The nutritional value of Spirulina is globally and scientifically accepted. The Food and Agriculture Organization of the United Nations identifies the importance of Spirulina due to its high macro- and micronutrient content. Furthermore, the Food and Agriculture Organization proposes the use of Spirulina as a nutritional supplement in urban and rural communities where the diet is either inadequate or poor. (6)
In a Japanese human study, volunteers were given a hot water Spirulina extract. The regular consumption of this Spirulina extract resulted to significant improvement in immune markers. The researchers concluded that Spirulina extracts potentiate the immune system and additionally suppresses cancer development and viral infection. (7)
Non-alcoholic fatty liver disease
In Greece, several patients with non-alcoholic fatty liver disease were supplemented with Spirulina for a period of six months. The researchers of this study, reported that Spirulina supplementation at dosage of 6 g daily, improved markers of liver function and resulted to multiple beneficial metabolic effects. (8)
A Chinese study investigated the protective effect of Spirulina extract supplementation on oxidative stress in acute exhaustive exercise. It was reported that Spirulina supplementation resulted to increased performance. Furthermore, it was beneficial in enhancing the antioxidant status and limiting oxidative stress induced by acute exhaustive exercise. (9)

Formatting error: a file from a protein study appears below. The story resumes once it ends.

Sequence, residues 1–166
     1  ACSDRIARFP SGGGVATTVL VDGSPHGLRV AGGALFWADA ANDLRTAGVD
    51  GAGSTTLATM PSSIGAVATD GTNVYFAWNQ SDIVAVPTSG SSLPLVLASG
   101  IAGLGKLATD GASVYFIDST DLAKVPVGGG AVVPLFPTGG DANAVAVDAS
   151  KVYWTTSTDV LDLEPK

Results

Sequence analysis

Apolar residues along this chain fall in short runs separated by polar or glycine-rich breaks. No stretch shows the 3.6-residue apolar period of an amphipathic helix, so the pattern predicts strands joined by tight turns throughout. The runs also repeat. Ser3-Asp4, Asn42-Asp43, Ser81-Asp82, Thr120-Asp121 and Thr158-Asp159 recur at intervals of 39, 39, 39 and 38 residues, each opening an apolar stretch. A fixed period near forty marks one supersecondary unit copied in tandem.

Hypolipidemic, Antioxidant and Antiinflammatory Activities of Spirulina
In agreement with the above studies, a Taiwanese study presented the cardiovascular benefits of Spirulina’s consumption. This study demonstrated that Spirulina had antioxidant, hypolipidemic and anti-inflammatory activities. (2)
Another study confirming the lipid-lowering effect of Spirulina was conducted in 2007. Researchers found that oral Spirulina supplementation (4.5 g/day, for 6 weeks) reduced triacylglycerols, Ldl- cholesterol (bad cholesterol) and systolic and diastolic blood pressure in volunteers. (10)
Studies have shown that the antioxidant capacity of spirulina is due to its content of phenolic compounds and other phytochemicals. (11)
Protective effect against heavy metals
According to studies, Spirulina showed a protective effect against the toxicity induced by carbon tetrachloride and metals like arsenic, cadmium and others. Spirulina also exerts a modulatory effect on detoxification, metabolism and antioxidant enzymes. (11)
In a human study, forty-one participants of chronic arsenic poisoning were treated orally by either placebo or Spirulina extract plus zinc, twice daily for 4 months. The researchers reported that supplementation with Spirulina and zinc may be useful for the treatment of chronic arsenic poisoning. (12)
Spirulina is considered as one of the most efficient superfoods. It may help you in several diseases. The long history of Spirulina’s use as food source and the great number of related studies, have shown that Spirulina is safe for human consumption. (2) Therefore, Spirulina could be part of your daily diet to get advantage of its benefits and provide your body with plenty of high quality nutrients.
Don't Miss Out!
Sign up now to receive our offers, news and weekly articles right to your inbox!